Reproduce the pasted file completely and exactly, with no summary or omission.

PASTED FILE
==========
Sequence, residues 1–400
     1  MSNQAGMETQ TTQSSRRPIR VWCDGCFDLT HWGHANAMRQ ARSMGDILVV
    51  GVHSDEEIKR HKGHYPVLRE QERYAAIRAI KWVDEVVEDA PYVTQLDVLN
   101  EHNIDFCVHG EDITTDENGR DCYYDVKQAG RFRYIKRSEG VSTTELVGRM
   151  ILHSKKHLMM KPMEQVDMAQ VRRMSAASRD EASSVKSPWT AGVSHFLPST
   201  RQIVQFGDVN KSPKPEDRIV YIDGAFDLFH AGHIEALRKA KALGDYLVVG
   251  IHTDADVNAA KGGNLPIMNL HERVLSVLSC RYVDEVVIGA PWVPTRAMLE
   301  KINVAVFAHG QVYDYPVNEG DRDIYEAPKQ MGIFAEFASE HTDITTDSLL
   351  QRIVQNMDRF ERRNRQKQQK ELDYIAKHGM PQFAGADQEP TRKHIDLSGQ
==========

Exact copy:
Sequence, residues 1–400
     1  MSNQAGMETQ TTQSSRRPIR VWCDGCFDLT HWGHANAMRQ ARSMGDILVV
    51  GVHSDEEIKR HKGHYPVLRE QERYAAIRAI KWVDEVVEDA PYVTQLDVLN
   101  EHNIDFCVHG EDITTDENGR DCYYDVKQAG RFRYIKRSEG VSTTELVGRM
   151  ILHSKKHLMM KPMEQVDMAQ VRRMSAASRD EASSVKSPWT AGVSHFLPST
   201  RQIVQFGDVN KSPKPEDRIV YIDGAFDLFH AGHIEALRKA KALGDYLVVG
   251  IHTDADVNAA KGGNLPIMNL HERVLSVLSC RYVDEVVIGA PWVPTRAMLE
   301  KINVAVFAHG QVYDYPVNEG DRDIYEAPKQ MGIFAEFASE HTDITTDSLL
   351  QRIVQNMDRF ERRNRQKQQK ELDYIAKHGM PQFAGADQEP TRKHIDLSGQ